In yet another novel set in the nineteenth century (it wasn’t planned, just how my TBR list has fallen since the new year), I’ve just read The Wonder, by Emma Donoghue. What a great book this is – and how it’s staying with me since I’ve finished it – I keep thinking about the characters, about what happened and what will happen to the characters in their future.
Lib Wright (Mrs Lib) is a Nightingale nurse, hired to watch over Anna O’Donnell in the Irish midlands just a few short years after the famine has ravaged Ireland. Anna herself is ‘The Wonder’, a child of 11 (who looks more like she’s 7 or 8) who reportedly hasn’t eaten for 4 months. Lib and her fellow watcher, Sister Michael, observe Anna closely during their shifts and Lib gradually realises that all is not as it seems. However, she needs to convince the committee who has hired her of what is actually going on.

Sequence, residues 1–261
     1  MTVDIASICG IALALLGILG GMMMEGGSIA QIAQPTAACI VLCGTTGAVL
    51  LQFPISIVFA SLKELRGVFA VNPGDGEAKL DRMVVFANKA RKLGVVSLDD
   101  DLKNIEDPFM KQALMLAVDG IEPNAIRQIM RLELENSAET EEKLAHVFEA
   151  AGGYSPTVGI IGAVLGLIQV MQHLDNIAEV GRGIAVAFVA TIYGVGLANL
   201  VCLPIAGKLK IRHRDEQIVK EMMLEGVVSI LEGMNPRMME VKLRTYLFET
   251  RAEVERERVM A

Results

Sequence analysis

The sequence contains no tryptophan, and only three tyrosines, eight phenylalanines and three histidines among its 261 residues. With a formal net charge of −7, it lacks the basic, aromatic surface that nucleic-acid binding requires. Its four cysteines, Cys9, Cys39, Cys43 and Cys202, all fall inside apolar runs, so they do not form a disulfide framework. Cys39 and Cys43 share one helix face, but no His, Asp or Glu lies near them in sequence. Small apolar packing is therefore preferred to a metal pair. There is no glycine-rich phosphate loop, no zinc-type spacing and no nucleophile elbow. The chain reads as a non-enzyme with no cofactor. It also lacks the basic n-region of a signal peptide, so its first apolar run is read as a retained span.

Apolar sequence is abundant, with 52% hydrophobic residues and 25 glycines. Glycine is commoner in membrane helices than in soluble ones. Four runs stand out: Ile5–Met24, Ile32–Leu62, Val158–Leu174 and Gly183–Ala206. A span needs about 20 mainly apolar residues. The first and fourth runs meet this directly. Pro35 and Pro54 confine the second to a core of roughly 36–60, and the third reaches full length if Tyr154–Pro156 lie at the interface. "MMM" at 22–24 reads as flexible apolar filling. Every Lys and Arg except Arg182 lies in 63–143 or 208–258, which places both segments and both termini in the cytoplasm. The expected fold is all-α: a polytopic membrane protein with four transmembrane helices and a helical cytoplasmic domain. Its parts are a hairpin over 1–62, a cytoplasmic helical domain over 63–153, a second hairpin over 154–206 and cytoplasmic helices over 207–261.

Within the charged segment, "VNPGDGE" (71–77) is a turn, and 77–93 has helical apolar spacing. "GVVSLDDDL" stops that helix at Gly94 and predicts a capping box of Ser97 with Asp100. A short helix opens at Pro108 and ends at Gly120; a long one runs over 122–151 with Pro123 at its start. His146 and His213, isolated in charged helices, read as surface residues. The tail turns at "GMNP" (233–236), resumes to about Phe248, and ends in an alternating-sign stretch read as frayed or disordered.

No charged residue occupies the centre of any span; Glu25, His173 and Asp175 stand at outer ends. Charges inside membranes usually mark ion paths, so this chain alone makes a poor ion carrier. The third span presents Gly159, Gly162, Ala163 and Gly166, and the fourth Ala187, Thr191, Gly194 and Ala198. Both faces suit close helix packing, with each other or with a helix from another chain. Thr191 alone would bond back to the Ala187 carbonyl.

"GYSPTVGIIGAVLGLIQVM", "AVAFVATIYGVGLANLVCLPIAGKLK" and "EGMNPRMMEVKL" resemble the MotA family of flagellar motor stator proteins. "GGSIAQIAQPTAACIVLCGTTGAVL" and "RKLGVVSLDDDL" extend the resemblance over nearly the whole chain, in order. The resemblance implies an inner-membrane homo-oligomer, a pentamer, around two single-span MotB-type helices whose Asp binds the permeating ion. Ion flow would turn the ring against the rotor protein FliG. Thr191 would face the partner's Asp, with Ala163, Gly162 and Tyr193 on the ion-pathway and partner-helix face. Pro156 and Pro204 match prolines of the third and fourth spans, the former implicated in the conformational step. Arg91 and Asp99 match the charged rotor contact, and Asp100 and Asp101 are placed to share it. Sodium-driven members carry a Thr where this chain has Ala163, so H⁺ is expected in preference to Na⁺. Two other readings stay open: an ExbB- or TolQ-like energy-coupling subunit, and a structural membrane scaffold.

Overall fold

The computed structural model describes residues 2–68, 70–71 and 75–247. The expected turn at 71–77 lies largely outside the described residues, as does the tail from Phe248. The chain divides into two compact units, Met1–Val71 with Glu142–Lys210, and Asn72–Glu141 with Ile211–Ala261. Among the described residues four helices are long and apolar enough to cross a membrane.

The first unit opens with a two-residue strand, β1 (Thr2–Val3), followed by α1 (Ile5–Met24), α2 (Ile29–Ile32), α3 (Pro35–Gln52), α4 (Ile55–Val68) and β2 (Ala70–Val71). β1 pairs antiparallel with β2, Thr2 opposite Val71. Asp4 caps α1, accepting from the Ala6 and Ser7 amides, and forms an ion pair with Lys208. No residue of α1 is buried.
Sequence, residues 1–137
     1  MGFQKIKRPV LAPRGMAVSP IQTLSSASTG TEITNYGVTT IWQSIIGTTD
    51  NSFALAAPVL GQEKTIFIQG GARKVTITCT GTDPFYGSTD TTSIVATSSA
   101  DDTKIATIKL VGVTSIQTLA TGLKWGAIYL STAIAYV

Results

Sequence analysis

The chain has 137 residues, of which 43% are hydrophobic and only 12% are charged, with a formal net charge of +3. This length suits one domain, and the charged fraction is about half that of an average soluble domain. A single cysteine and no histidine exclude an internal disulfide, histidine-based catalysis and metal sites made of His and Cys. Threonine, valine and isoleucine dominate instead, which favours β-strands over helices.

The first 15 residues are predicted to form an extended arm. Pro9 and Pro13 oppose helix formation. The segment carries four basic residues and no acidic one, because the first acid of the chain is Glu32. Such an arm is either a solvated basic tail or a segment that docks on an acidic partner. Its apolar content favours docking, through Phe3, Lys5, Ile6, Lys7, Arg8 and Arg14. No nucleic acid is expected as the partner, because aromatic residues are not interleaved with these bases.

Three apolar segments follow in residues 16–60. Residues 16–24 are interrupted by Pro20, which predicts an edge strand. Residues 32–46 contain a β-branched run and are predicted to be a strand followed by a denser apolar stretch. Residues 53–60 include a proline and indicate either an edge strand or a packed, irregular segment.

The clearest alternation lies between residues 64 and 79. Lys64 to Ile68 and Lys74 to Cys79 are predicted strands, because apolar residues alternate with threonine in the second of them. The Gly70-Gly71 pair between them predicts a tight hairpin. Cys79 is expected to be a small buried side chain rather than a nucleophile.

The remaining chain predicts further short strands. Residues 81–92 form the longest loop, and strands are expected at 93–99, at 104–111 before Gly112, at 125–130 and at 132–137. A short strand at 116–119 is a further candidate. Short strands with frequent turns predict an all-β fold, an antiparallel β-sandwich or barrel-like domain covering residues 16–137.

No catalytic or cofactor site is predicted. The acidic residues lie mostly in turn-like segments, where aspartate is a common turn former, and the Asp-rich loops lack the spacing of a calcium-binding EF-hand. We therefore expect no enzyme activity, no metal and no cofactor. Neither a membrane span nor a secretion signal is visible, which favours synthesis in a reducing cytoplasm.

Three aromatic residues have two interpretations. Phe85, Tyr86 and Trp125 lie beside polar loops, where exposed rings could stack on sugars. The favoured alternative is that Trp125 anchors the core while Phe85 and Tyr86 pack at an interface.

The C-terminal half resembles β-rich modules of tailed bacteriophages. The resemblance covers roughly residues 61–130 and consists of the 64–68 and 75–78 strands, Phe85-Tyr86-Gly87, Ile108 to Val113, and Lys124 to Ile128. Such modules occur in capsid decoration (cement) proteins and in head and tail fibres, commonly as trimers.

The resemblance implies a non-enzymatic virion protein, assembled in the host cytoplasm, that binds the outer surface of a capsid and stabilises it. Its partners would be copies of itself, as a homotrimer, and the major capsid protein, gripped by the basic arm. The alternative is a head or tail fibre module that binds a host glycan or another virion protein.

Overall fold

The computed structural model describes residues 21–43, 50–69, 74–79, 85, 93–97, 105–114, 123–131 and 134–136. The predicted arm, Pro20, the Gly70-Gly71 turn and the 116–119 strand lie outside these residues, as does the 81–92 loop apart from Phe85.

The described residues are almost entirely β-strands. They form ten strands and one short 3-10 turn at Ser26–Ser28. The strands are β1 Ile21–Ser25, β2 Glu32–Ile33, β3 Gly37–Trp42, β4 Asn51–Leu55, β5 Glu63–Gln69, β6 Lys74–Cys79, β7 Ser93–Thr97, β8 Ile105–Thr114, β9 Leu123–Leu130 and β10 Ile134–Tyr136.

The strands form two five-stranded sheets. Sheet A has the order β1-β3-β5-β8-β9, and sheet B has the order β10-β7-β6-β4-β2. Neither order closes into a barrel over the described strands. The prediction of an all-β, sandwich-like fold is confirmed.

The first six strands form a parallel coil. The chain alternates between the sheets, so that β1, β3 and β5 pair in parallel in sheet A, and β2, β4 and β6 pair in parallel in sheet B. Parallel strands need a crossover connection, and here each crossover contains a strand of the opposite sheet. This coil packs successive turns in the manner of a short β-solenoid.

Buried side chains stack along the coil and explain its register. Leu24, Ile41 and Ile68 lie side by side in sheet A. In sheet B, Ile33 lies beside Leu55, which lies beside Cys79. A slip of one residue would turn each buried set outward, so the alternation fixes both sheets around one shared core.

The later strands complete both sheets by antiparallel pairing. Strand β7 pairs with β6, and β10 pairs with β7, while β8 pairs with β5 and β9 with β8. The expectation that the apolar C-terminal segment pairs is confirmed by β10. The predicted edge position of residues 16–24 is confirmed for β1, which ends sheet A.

This is a novel with a sense of place – the descriptions of Anna’s home, the claustrophobia and sense of rising alarm Lib feels is well portrayed. It’s also a novel which completely overturned my initial feelings. Lib’s acerbic throughout, but increasingly I became sympathetic to her views. I expected Anna to be a sap, but instead she’s a ‘delightful, dying child’. Like my last post on The Crow Garden, this novel is also set at a crossroads between science, logic and modern times (not least how women were treated at this time), and the mysticism of old religion.
Reading a book mostly set in a darkened room about a starving child should be depressing and awful, but this book isn’t. It’s got humour, hope and is ultimately enlightening. Read it. I promise you won’t be disappointed.